Objectives: This study examined the effects of beer, spirits, and wine drinking on coronary heart disease (CHD) events (fatal and nonfatal) and all-cause mortality.
Methods: Men aged 40 to 59 years (n = 7735) were drawn at random from one general practice in each of 24 British towns and followed up for an average of 16.8 years.
Results: Regular drinkers showed a significantly lower relative risk of CHD, but no all-cause mortality, than occasional drinkers, even after adjustment for potential confounders. The benefit for CHD of regular drinking was seen within both beer drinkers and spirit drinkers but not among men who reported wine drinking. However, all men who reported wine drinking (both occasional and regular) showed significantly lower age-adjusted risks of CHD and all-cause mortality than men drinking beer or spirits; beer and spirit drinkers showed similar risks.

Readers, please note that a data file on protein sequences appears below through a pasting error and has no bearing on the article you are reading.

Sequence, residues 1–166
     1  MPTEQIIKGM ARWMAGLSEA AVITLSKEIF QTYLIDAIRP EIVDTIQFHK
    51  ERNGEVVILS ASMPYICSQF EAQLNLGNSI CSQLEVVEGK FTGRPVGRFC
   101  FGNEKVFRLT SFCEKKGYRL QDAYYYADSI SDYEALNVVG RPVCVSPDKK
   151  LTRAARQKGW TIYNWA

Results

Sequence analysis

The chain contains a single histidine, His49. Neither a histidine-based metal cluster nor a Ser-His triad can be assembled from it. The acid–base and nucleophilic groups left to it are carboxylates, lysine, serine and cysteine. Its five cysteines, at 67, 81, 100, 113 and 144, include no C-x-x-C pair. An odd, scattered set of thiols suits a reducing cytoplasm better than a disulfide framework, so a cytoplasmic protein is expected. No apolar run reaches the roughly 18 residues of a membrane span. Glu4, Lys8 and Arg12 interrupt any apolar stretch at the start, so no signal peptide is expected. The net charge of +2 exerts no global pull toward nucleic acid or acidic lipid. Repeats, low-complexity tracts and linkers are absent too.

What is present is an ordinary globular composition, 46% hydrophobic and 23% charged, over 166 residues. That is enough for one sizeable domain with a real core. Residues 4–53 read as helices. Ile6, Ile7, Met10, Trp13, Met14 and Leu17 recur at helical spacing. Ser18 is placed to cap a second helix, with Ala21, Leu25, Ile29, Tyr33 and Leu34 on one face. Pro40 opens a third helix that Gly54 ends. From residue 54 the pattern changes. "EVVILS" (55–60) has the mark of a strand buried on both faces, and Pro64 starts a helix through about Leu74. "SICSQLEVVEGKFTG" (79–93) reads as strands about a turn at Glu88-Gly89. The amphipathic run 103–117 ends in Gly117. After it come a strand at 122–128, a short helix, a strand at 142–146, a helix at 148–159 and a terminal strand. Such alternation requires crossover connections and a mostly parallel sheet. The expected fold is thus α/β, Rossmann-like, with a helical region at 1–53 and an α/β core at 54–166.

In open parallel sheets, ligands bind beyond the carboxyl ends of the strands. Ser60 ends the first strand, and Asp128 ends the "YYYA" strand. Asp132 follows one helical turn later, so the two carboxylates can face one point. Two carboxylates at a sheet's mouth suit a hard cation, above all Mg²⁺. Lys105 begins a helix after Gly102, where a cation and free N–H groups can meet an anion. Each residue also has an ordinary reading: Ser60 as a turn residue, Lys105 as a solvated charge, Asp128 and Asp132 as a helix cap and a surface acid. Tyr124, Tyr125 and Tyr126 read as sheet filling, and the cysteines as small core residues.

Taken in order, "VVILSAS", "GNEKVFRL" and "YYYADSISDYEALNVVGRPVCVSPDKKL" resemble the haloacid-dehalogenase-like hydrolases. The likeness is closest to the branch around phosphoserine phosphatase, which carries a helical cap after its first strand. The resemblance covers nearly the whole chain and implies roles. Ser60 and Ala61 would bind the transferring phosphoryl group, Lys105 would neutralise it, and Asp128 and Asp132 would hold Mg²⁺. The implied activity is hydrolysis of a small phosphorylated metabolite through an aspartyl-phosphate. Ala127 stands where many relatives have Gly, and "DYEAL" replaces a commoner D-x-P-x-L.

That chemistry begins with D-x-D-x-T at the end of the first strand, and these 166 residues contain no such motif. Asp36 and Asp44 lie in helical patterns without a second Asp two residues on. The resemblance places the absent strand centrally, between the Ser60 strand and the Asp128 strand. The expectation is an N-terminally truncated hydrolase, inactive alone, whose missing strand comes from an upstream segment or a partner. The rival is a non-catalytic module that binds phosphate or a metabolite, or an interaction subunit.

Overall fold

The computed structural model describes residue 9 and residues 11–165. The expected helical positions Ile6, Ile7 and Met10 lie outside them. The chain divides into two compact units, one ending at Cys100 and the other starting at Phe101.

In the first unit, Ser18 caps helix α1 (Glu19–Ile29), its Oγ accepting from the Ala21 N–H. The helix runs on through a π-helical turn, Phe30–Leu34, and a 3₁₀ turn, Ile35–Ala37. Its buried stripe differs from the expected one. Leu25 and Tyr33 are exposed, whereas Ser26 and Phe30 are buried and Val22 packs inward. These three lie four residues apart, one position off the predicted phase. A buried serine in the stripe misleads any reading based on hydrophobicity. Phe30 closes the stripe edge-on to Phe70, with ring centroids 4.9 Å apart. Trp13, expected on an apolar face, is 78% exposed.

Conclusions: The findings suggest that regular intake of all alcoholic drinks is associated with a lower risk of CHD, but not all-cause mortality, than occasional drinking. A large part, but not all, of the greater benefit seen in wine drinkers relative to other drinkers can be attributed to advantageous lifestyle characteristics (e.g., low rates of smoking and obesity).